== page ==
Remote Working: Security

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Security concept: Blue locks on digital screen, with a red lock that is open

The New Normal…

Working away from the office has always been a contentious issue for employers and employees alike for many years.  Covid-19 has forced many businesses hands into trialling working from home and it is suggested that it has accelerated the movement by a number of years. It has proven that people can be productive outside of the office setting.  So much so, that big tech companies are already advising their staff that they don’t have to return or are offering flexible home working options indefinitely. A post-COVID-19 world is likely to look much different with far more people swapping rush hour traffic jams for a slow meander to their home office in their dressing gown.

Higher productivity and lower overheads make flexible working just as attractive to business owners as it does to employees who can save several valuable hours a week in commuting or work around a busy family life.

Remote working is here to stay – are you ready for it though?


Covid-19 has meant that numbers of people remote working has been accelerated far quicker than otherwise would have happened. A technical revolution can be a great thing but speedy change can often leave security overlooked.

Just as you can access these centralised cloud systems from anywhere, so can hackers. As such, it is important that you cover off the basic security assessment to ensure that your system is protected. With some basic security settings, your cloud systems are likely to be more secure than your historic onsite servers.

Here are some key areas to consider:

• MFA – So traditionally we would log in to systems with a username and password. Adding an additional credential gives us Multifactor Authentication. This additional password is normally something like a 6 digit code that changes every 30 seconds (like what the banks use). This means that even if you accidentally give away your login details, your account will still be safe because you have this additional factor of authenticating that the ‘bad guys’ don’t have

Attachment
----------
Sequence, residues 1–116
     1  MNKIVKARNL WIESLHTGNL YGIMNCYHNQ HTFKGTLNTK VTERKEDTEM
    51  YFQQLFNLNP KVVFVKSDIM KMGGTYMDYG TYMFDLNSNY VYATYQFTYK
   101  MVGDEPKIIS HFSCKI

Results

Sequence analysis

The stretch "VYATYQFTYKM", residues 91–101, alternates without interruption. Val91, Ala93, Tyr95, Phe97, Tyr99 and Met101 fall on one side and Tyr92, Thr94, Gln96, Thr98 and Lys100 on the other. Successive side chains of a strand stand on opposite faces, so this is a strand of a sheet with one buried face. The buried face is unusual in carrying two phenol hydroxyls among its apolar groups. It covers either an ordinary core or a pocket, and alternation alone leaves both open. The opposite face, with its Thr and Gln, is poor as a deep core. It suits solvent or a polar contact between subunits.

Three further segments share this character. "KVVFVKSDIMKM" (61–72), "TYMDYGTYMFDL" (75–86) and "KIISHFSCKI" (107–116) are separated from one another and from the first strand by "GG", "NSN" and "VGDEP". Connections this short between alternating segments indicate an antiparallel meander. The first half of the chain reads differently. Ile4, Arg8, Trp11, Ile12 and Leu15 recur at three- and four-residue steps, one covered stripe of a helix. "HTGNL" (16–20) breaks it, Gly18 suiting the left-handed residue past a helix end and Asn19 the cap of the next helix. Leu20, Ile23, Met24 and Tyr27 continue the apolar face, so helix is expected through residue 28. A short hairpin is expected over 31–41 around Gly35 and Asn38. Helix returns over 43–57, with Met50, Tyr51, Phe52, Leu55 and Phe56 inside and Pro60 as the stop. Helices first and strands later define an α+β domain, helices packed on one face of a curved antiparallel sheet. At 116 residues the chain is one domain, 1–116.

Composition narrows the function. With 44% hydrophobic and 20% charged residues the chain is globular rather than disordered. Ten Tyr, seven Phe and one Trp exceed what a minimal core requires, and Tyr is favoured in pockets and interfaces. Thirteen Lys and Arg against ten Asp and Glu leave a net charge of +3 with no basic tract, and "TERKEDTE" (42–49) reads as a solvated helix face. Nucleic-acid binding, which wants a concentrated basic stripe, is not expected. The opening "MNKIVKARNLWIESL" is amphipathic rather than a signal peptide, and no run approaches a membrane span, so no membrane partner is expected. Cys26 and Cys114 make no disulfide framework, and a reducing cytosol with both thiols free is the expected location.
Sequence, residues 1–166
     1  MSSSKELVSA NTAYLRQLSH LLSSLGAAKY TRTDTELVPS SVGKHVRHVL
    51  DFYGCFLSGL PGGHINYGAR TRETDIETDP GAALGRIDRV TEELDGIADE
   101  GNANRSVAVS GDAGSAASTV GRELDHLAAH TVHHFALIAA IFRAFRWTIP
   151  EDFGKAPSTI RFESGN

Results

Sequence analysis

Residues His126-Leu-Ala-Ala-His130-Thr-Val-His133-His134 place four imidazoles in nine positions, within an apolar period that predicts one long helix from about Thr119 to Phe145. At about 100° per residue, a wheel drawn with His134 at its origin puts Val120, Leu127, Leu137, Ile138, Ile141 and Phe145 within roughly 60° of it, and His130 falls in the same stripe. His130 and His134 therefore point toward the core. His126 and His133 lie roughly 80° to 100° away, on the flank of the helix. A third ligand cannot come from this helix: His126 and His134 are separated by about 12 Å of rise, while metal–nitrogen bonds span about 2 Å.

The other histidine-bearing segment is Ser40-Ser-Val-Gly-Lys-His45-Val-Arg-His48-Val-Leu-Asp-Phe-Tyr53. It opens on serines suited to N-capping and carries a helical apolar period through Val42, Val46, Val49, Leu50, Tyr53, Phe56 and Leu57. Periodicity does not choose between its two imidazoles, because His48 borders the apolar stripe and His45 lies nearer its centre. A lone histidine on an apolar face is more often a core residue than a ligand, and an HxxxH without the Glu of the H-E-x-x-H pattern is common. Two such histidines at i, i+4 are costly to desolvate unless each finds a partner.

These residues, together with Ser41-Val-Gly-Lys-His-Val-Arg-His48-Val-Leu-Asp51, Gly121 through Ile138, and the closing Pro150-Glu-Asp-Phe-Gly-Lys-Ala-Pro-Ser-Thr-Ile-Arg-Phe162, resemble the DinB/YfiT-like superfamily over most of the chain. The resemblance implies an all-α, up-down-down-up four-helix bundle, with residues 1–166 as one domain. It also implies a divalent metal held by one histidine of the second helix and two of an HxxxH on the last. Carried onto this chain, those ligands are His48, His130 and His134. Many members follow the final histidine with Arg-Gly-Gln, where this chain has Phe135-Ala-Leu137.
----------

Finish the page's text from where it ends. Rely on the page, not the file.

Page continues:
• External Sharing – Many cloud systems including Office 365 have the facility to share data with your customers directly. This is a great feature that can improve your service delivery. However, it can be a nightmare to control and manage. As such, we recommend that certain areas of your cloud systems should be designated and configured to block all external sharing. This gives you the certainty that anything in those areas cannot be shared by accident. Very important in the world of GDPR!

• Audit Logs – When things do go wrong you will want to know how it happened. The great thing about a lot of cloud-based systems is they can store a continual log of activity, unlike the older systems they often replace. This is not always on by default though. So, make sure you go in and turn on audit logging before you actually come to need it!